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What is vulnerable sector check?

A vulnerable sector check is an important step in the pre-screening process for those who will be volunteering or working for vulnerable people such as the elderly, disabled, and children. Its main purpose is to protect the vulnerable members of the society from law offenders by checking for existing criminal records or a sexual offense conviction that has been pardoned. This practice is strongly recommended for volunteer organizations, in order for them to ensure that a particular person is suitable to work in a job where he/she will be in contact with vulnerable persons.

Vulnerable people are those which are temporarily or permanently dependent on others because of their disability, age, and other factors. These people may also be exposed to a greater risk of being harmed by those whom they are entrusted to or those in authority.  Some examples of jobs wherein a vulnerable sector check is essential include, social workers, teachers, nurses, day-care workers, and sports coaches for children.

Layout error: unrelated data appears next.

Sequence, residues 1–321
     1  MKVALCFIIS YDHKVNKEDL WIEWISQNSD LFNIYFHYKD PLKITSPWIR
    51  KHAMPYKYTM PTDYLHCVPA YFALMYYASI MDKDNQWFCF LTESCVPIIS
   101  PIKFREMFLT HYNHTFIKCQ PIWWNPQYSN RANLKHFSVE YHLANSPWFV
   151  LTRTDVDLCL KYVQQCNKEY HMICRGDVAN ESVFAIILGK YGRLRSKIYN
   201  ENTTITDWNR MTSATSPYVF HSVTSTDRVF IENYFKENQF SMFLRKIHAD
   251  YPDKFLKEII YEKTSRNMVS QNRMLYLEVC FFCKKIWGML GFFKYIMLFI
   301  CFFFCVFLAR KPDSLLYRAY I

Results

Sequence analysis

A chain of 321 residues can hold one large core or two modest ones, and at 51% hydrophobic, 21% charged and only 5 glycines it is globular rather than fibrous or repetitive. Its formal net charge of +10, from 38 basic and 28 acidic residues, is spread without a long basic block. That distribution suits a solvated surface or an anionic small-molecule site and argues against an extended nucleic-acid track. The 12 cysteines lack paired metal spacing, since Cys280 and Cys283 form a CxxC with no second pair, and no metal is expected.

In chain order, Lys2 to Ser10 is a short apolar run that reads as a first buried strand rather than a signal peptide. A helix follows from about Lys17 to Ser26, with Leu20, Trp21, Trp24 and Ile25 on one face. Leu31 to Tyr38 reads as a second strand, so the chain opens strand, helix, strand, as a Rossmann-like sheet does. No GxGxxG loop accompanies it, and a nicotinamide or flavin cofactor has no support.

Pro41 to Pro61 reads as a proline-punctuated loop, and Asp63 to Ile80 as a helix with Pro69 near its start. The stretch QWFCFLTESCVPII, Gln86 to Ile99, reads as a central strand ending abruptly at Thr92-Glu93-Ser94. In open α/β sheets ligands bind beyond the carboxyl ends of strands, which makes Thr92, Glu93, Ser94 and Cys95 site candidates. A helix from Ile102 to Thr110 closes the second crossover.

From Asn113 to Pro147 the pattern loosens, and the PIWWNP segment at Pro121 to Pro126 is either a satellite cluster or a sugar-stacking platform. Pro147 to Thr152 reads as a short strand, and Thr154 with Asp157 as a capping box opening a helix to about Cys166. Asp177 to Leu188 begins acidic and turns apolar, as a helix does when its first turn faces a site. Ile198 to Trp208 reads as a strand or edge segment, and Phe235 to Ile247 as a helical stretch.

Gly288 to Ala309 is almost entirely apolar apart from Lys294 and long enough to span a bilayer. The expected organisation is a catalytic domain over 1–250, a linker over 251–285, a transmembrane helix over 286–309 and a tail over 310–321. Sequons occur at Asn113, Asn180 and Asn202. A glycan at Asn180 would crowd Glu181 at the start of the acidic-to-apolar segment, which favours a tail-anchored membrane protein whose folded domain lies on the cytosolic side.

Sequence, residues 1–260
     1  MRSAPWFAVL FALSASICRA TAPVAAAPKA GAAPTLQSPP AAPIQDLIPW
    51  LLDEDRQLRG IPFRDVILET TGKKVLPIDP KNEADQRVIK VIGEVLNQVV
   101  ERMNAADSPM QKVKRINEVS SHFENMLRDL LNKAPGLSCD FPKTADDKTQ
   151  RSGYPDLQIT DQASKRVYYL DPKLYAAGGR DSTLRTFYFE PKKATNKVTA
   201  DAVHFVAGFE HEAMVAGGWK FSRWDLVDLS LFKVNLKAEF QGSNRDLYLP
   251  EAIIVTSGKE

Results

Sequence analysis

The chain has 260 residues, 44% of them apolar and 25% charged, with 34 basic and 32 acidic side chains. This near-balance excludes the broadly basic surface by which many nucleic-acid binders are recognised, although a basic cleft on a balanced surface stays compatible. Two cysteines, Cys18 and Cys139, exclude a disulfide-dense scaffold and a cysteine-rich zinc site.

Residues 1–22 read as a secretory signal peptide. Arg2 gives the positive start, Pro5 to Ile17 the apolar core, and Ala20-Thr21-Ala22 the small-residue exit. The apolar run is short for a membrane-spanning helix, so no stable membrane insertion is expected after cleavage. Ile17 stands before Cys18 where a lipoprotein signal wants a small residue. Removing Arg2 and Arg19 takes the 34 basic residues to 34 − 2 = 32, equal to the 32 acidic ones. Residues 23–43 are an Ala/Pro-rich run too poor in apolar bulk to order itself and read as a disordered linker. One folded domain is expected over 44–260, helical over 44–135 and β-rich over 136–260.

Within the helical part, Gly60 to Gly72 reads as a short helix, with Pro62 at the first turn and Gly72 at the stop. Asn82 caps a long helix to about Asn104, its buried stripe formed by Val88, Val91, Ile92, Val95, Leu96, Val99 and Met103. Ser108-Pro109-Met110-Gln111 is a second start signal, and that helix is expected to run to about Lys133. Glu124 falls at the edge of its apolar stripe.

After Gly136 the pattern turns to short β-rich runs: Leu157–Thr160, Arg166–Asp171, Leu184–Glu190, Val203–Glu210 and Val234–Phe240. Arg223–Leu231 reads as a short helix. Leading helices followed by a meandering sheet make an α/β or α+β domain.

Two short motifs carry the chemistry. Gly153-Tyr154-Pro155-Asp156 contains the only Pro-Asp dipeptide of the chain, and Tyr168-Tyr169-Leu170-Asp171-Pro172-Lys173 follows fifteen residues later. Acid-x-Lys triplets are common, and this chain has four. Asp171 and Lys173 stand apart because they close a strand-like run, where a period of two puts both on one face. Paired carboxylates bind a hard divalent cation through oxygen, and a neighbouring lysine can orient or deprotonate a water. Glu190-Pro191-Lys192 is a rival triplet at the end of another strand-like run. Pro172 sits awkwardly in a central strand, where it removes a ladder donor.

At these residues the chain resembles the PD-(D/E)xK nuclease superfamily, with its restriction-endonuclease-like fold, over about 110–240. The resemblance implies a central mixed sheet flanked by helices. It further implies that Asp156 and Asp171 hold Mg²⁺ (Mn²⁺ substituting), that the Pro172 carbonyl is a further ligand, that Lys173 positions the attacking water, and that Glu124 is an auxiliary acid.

Vulnerable sector checks are commonly conducted by the local police units in the area. Keep in mind that not all volunteer or paid workers are required to undergo this employment process. The potential employer should be the one to inform the applicants about what they need to bring before the police can start checking. The police will perform a background check by searching their information system and database for the person’s name, date of birth, and gender. Once a person’s date of birth and gender are similar to one of their records of a law offender that has been pardoned, fingerprints may also be requested. Prints are verified just to confirm identity and not to accuse a person of a criminal act. Furthermore, 90 days after the checking is completed, the fingerprints will be deleted and will not be used for other purposes.

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References :


[0]http://www.rcmp-grc.gc.ca/cr-cj/vulner/index-eng.htm
[1]http://news.gc.ca/web/article-en.do?nid=528419

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Posted by on Sep 16th, 2014 and filed under Featured. You can follow any responses to this entry through the RSS 2.0. Both comments and pings are currently closed.